by Macey Levin
On a recent Thursday evening hundreds of people in Sharon, Connecticut suffered from a similar malady. Their sides were aching from the non-stop laughter at Sharon Playhouse’s hoot of a show Shear Madness. There is very little time to catch one’s breath with a host of sterling performances led by Michael Kevin Baldwin. Even before the play actually starts its plot development the audience is already screaming.
Directed by one of the creators of the show who has directed it all over the country, Bruce Jordan starts the proceedings with a simple expository scene which establishes the setting in a hair styling salon with two relatively incompetent hairdressers – Tony (Baldwin) and Barbara (Soneka Anderson.) Their customers include Nick (Patrick Noonan,) Eddie (Gil Brady,) Mikey (Will Nash Broyles) and Mrs. Shubert (Sandy York.) All of them have more than one hilarious moment in the spotlight. From there a comic murder-mystery unfolds with audience participation in solving the crime.
The salon is on the first floor of a building owned by a famous retired concert pianist who lives above the shop. She continually plays the piano much to Tony’s chagrin. Even banging on the pipe leading up to her apartment is to no avail. At one point or another everyone excerpt for Mrs. Shubert, ventures upstairs to see her. Barbara discovers her dead body.
Nick and Mikey are undercover cops and everyone is a suspect; the investigation starts by reconstructing their movements. Nick turns to the audience and asks for their help to identify the killer. An ingenious part of the script is that the audience votes on who is the killer. The decision can change from night to night so that each of the suspects has to have a “confession” speech ready.
The dialogue is a composite of malapropisms, garbled sentence structure, ad libs throughout the evening, wonderful and terrible puns, and myriad local references as well as comments about Biden, Trump, both the Clintons and today’s political and social events.
As much fun as the plot et al may be, it is the performances that carry the show. Broyles’ Mikey is a charming simpleton. His reading of the Miranda Law to the suspects has comic nuances thanks to his delivery and his reactions to some of Nick’s orders and the suspects’ behavior are sweetly inane. Mrs. Shubert is a very wealthy and semi-sophisticated matron. Ms. York makes her almost likable in her snooty fashion, little lies and weaknesses. Gil Brady gives Eddie a sleazy but charming personality. As a dealer of, as Mikey says, “…old antiques,” he is also something of a player.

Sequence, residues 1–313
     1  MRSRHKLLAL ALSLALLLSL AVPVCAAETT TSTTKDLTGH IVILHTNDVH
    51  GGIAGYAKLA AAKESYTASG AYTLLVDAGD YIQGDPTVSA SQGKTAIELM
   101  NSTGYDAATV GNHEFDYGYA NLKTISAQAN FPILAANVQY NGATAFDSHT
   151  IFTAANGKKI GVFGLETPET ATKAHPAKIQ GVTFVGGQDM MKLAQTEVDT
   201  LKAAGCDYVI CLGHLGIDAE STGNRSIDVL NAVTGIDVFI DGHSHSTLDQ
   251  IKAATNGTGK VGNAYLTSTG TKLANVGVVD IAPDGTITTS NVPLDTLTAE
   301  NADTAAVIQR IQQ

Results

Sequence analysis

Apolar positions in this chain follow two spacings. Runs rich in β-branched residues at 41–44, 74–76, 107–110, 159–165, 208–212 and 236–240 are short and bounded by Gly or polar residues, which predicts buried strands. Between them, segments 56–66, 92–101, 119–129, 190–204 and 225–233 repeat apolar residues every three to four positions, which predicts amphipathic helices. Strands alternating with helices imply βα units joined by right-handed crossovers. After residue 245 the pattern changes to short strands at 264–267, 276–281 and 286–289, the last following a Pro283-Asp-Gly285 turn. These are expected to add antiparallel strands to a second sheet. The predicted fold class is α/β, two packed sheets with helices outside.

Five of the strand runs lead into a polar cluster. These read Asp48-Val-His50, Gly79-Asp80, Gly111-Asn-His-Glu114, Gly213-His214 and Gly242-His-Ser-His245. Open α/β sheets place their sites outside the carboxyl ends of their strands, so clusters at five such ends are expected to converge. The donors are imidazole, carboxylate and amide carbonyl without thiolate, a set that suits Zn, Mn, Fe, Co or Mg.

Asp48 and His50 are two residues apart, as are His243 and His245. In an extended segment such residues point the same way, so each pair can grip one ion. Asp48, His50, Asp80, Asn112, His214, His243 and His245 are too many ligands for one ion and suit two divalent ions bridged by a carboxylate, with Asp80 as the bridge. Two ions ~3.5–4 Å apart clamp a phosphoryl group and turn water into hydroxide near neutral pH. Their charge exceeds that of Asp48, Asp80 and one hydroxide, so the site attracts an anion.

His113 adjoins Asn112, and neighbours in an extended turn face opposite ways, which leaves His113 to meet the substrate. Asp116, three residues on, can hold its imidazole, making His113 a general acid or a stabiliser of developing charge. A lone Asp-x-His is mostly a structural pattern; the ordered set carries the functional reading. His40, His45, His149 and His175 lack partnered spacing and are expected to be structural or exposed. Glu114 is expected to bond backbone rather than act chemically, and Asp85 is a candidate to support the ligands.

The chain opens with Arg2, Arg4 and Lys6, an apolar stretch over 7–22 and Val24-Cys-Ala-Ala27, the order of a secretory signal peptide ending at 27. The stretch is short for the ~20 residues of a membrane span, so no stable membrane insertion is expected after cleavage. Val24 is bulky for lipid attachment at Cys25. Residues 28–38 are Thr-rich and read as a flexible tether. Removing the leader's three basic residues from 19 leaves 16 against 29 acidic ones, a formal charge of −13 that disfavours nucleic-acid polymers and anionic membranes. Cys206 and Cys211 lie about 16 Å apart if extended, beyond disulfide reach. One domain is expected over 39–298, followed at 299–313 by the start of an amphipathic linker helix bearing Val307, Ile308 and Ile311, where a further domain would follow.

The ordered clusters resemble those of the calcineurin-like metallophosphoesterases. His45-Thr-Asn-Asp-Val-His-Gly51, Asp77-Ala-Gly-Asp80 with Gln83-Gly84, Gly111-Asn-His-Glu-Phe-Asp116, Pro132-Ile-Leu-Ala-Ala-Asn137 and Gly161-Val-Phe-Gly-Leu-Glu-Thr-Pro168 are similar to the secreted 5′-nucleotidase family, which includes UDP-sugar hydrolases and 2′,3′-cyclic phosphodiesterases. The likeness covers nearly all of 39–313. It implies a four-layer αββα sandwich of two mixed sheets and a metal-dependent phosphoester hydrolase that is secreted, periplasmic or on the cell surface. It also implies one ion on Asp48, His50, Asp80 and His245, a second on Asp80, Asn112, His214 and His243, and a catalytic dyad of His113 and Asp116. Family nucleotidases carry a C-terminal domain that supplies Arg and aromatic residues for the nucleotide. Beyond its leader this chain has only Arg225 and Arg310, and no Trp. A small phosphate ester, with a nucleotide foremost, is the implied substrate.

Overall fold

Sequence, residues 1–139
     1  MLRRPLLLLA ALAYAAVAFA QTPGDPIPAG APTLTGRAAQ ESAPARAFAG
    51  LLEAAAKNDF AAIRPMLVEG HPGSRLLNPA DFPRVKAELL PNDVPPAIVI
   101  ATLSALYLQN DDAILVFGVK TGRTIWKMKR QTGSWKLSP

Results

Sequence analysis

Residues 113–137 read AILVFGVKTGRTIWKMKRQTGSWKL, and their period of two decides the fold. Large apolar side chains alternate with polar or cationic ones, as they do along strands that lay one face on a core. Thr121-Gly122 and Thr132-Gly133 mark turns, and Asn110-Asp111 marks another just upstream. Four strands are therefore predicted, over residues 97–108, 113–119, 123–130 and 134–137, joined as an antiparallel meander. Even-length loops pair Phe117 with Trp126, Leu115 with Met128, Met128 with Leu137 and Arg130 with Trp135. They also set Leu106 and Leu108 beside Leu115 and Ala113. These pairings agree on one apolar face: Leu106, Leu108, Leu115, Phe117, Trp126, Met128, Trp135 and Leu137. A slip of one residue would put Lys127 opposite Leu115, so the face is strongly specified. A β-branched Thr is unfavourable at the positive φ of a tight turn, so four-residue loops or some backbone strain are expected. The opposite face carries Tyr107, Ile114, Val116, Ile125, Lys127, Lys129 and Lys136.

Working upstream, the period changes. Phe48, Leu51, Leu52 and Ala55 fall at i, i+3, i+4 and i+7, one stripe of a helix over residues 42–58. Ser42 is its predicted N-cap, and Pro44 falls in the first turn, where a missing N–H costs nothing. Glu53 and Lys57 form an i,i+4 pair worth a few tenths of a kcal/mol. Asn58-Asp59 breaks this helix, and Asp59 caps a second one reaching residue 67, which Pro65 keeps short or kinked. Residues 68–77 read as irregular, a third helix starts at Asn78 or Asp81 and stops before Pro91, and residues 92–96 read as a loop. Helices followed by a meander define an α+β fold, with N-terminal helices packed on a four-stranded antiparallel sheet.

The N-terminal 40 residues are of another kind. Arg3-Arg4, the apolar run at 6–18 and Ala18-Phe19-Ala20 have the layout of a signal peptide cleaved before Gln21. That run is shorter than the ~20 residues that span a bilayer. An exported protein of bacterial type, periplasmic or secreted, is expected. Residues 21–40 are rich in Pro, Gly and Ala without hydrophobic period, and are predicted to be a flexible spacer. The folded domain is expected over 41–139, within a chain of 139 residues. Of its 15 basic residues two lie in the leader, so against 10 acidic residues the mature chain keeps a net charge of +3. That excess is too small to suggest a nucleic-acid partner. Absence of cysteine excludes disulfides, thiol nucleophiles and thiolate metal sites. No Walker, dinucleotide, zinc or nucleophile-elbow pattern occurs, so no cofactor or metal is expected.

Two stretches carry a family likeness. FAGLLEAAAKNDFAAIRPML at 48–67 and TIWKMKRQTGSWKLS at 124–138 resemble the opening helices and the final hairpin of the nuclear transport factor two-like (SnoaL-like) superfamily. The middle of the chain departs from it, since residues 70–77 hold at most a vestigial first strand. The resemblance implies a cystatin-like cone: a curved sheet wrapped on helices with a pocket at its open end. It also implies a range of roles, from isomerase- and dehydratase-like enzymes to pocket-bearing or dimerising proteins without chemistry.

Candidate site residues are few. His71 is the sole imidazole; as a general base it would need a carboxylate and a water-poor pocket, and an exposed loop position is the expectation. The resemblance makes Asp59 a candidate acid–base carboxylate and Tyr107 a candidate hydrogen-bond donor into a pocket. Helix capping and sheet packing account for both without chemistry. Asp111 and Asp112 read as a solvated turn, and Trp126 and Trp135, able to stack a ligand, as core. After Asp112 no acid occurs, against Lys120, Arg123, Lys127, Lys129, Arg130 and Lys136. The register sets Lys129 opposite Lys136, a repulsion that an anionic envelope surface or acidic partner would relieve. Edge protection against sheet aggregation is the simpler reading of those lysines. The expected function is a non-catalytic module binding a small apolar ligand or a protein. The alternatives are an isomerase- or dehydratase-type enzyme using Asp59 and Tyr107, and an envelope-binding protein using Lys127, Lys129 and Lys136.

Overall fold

Barbara as played by Ms. Anderson is a wise-mouthed powerhouse. She has a huge personality that is complemented by a concern for the pianist, Mrs. Shubert and, of course, Tony. Occasionally her voice becomes shrill making it a bit difficult to understand some of her lines, BUT you know when she’s onstage!! Nick is the cop who indulges in more of the language faux-pas than any of the other characters. He, as the lead investigator, deals directly with the audience asking them for their observations of who did what when; he also solicits questions. Every now and then he bumbles his way through a personable blunder.
But it’s Baldwin! He doesn’t steal the show because he shares moments with everyone. As Tony, he prances and gestures in the manner of the over-the-top campy hair dresser and gossip. His facial expressions are priceless even when he’s not directly involved in a scene. His delivery, especially the one-liners, is hysterical and always in character. Though Tony has a big personality, Baldwin doesn’t undermine his fellow actors’ scenes. It is a performance to be cherished.
All of this takes place in an absolutely terrific set by Karla Woodworth. Everything reflects a tacky beauty parlor with its bright turquoise and patterned walls highlighted by bright pink door frames. All the accoutrements work from the sink to the various required seats of the trade and the various creams and lotions which Tony delivers in excess. Alix Lewis’s light design gives the set a brightness matching the wit and joyousness of the production. The costumes gathered by Karen Roberts identify the personalities of the various characters, even the police in their plain clothes provide comic references.
The show was created by Jordan and his wife/partner Marilyn Abrams in 1978 based on a play by Paul Portner. They converted it into one of the first interactive productions. It has since played all over the world and is the longest running play in American theatre history. Abrams and Jordan have garnered innumerable awards and accolades.
To understand the success of Shear Madness and to have an extraordinarily wonderful time get to the Sharon Playhouse!!
Shear Madness by Paul Portner, produced by the Sharon Playhouse, Marilyn Abrams, and Bruce Jordan; Director: Bruce Jordan; Cast: Soneka Anderson (Barbara) Michael Kevin Baldwin (Tony) Gil Brady (Eddie) Will Nash Broyles (Mikey) Patrick Noonan (Nick) Sandy York (Mrs. Shubert); Technical Design: Thoms P. Swetz; Costume Design: Karen Roberts; Scenic Artist: Karla Woodworth; Lighting Design: Alix Lewis; Production Stage Manager: Ann Barkin; Running time: Approximately 2 hours, 10 minutes; one intermission; 8/26/22 – 9/11/22; www.sharonplayhouse.org; 860-364-7469